Thursday, September 8, 2016

2016 in film (Part VI)

This has been a really strong year so far, I'm just hoping I can continue to mainly cherry pick the gems and try to avoid some of this other crap...



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10. Pete's Dragon
Directed by David Lowery

I took a notepad in with me to the theater when watching this, and managed to fill up several pages with "what the f@#$"s and "why the f@#$"s to the point where I just gave up halfway through the movie and resigned myself to sitting in an almost catatonic state until it was finally, mercifully, over. This movie clearly wasn't for me, but I still wouldn't recommend it to anyone who doesn't like being insulted by idiotic, stereotypical family movies that never once allow themselves to be even slightly challenging or creative at any point.




9. The Light Between Oceans
Directed by Derek Cianfrance

Easily one of the most frustrating movies of the year, but still manages to be emotional and most of the performances are quite strong. The one thing that keeps this from being a much better movie ultimately boils down to Rachel Weisz's performance and the poor writing surrounding her uneven and irritating character. I don't like her as an actress, and her one-note performance here only serves to reinforce that. Seeing an otherwise strong movie get brought down to being mediocre is quite upsetting to me, but I suppose it is what it is.




8. Team Thor
Directed by Taika Waititi

A funny little short that shows what Thor was up to during the events of Captain America: Civil War. Hemsworth gives a funnier performance in this than he does throughout the entire rest of the Avengers series (seriously), and even though it's all ridiculous and silly, I can't help but to enjoy it.






7. The Fundamentals Of Caring
Directed by Rob Burnett

Dramadies are sometimes pretty tough to enjoy, because they rarely ever seem to know what time is appropriate to be funny and when to get serious. This movie has a pretty decent grasp on that, but never puts out too much effort to be anything other than passable entertainment. The lead performances are good and their chemistry is strong, but beyond that, there's really not much more to this movie. Never good enough to recommend, but easy enough to enjoy spending 90 or so minutes on.





6. Sausage Party
Directed by Conrad Vernon & Greg Tiernan

Funny, existential, and entirely inappropriate for humans to watch. If anything will have you convinced that humans have taken it too far and we may be doomed, just wait for a certain third act scene... ultimately, this movie is very funny at times, but the whole ordeal does wear you down a bit after a while. The voice cast is full of some of the funniest celebrities out there, and most of them have at least a scene or two that let them do their thing, but it doesn't keep the movie from feeling really crammed. Didn't love it, but it kept me entertained.




5. Don't Breathe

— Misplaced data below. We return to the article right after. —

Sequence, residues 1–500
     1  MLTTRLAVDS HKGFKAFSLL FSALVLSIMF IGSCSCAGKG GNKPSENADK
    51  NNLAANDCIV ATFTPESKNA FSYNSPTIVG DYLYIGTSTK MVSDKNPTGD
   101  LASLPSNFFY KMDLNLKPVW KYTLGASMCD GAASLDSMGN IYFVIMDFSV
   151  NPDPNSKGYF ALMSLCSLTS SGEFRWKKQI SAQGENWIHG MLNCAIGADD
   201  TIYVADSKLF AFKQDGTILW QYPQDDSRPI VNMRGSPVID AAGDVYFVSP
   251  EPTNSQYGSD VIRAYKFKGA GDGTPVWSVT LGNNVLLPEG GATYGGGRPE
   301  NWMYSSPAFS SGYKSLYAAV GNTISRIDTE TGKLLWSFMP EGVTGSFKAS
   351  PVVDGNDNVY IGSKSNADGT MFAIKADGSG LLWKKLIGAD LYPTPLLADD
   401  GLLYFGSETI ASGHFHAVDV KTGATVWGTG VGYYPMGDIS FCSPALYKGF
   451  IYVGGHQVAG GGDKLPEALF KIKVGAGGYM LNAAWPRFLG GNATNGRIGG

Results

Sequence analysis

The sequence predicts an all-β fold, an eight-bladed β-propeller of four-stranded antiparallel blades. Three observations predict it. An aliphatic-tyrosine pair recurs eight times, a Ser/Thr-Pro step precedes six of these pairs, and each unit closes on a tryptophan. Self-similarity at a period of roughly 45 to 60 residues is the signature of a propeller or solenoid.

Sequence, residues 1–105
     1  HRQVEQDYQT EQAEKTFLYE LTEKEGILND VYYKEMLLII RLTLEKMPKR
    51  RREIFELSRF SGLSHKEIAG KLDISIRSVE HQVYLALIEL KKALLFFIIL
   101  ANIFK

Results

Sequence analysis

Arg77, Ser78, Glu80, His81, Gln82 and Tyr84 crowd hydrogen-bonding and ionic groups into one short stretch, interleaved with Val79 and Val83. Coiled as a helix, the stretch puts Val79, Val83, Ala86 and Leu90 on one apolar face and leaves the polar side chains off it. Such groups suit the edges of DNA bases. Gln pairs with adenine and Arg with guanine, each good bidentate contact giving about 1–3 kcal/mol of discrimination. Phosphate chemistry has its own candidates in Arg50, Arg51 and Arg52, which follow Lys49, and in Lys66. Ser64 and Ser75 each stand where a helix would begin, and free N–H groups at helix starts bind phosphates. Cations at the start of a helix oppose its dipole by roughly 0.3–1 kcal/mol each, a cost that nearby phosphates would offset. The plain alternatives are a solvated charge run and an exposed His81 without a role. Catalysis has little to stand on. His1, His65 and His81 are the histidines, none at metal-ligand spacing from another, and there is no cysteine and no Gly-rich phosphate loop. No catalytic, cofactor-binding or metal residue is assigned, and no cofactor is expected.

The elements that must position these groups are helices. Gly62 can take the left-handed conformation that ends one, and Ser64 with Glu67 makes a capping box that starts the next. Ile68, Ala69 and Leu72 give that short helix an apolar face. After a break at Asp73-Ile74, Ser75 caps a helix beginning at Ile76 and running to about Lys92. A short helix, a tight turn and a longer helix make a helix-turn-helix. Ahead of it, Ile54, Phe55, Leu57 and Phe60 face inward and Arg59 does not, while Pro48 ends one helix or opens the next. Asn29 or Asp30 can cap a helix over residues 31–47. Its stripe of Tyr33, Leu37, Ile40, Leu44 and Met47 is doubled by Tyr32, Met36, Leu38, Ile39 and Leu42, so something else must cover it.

Directed by Fede Alvarez

It's almost ridiculous just how intense this movie is. Fede Alvarez, who directed the so-so Evil Dead remake back in 2013, really amps up the stress levels here, pairing tight cinematography with a minimal sound design that leaves viewers feeling cramped, claustrophobic, and afraid to, well, breathe. Stephen Lang does a great job, giving one of the most intimidating performances I've seen in years, and the rest of the cast are all strong as well. This movie is relentless, and packed with enough twists and tense set pieces to keep it all fresh and exciting throughout.




4. The Innocents
Directed by Anne Fontaine

A sad and beautiful film that delves deep into morality, duty, and fear. The performances are wonderful, set design, costumes, and cinematography equally as great, and the story itself is so remarkable and tragic, you won't easily shake this film after watching it.






3. Hell Or High Water
Directed by David MacKenzie

A tense and engrossing crime drama much in the vein of No Country For Old Men, but never feels too familiar to be anything but its own creation. The main cast are all terrific (Jeff Bridges steals the spotlight, however), the direction is concise and well-paced, and the characters, their interactions, and motivations are as real and human as almost any other film of the year. Would recommend to basically anyone.






2. Kubo And The Two Strings
Directed by Travis Knight

I totally freaking adore Laika's films, and while I'm hesitant to declare this their strongest effort so far, I will say it is at least a very close second behind the fantastic Coraline. This is possibly the most beautifully-animated stop motion film I've ever seen, and while it does tread down familiar story paths at times, some of the lessons to be gotten from this film are quite challenging and thoughtful. This is one of those "kids" movies that people deserve to see, regardless of their age.





1. Don't Think Twice
Directed by Mike Birbiglia

Movies about real friendships are rare, and even more rare are ones that show the complexities of jealousy and rifts that grow between friends in a believable way. This movie succeeds in this difficult task, all the while showing how challenging yet fulfilling the lives of its characters are, to the point where you wish you could feel as passionately about anything as they do about improv comedy. This movie is hilarious, charming, heartfelt, and totally genuine from start to finish. I loved it.



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